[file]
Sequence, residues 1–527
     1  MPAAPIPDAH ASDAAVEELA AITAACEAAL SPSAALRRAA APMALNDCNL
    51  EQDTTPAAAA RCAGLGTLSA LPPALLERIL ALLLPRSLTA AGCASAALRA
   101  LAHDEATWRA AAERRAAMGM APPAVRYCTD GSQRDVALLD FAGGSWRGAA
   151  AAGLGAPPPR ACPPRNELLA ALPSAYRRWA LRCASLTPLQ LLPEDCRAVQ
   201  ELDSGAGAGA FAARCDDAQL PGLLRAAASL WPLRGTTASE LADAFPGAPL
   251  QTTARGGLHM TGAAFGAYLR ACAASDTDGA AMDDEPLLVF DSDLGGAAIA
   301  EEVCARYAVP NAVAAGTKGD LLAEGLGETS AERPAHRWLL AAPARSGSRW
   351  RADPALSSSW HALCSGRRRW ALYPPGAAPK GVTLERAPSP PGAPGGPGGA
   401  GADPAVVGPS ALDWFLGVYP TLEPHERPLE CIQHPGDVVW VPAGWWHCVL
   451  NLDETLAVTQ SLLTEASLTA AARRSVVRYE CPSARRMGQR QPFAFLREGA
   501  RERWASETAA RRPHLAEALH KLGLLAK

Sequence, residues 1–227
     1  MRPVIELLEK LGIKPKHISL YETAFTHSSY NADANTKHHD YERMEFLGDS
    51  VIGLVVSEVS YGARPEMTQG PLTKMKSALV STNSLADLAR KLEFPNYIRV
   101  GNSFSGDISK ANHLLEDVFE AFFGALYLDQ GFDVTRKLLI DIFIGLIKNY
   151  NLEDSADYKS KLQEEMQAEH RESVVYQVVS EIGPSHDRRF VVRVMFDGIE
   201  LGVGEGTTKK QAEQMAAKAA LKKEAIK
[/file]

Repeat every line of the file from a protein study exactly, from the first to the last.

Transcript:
Sequence, residues 1–527
     1  MPAAPIPDAH ASDAAVEELA AITAACEAAL SPSAALRRAA APMALNDCNL
    51  EQDTTPAAAA RCAGLGTLSA LPPALLERIL ALLLPRSLTA AGCASAALRA
   101  LAHDEATWRA AAERRAAMGM APPAVRYCTD GSQRDVALLD FAGGSWRGAA
   151  AAGLGAPPPR ACPPRNELLA ALPSAYRRWA LRCASLTPLQ LLPEDCRAVQ
   201  ELDSGAGAGA FAARCDDAQL PGLLRAAASL WPLRGTTASE LADAFPGAPL
   251  QTTARGGLHM TGAAFGAYLR ACAASDTDGA AMDDEPLLVF DSDLGGAAIA
   301  EEVCARYAVP NAVAAGTKGD LLAEGLGETS AERPAHRWLL AAPARSGSRW
   351  RADPALSSSW HALCSGRRRW ALYPPGAAPK GVTLERAPSP PGAPGGPGGA
   401  GADPAVVGPS ALDWFLGVYP TLEPHERPLE CIQHPGDVVW VPAGWWHCVL
   451  NLDETLAVTQ SLLTEASLTA AARRSVVRYE CPSARRMGQR QPFAFLREGA
   501  RERWASETAA RRPHLAEALH KLGLLAK

Sequence, residues 1–227
     1  MRPVIELLEK LGIKPKHISL YETAFTHSSY NADANTKHHD YERMEFLGDS
    51  VIGLVVSEVS YGARPEMTQG PLTKMKSALV STNSLADLAR KLEFPNYIRV
   101  GNSFSGDISK ANHLLEDVFE AFFGALYLDQ GFDVTRKLLI DIFIGLIKNY
   151  NLEDSADYKS KLQEEMQAEH RESVVYQVVS EIGPSHDRRF VVRVMFDGIE
   201  LGVGEGTTKK QAEQMAAKAA LKKEAIK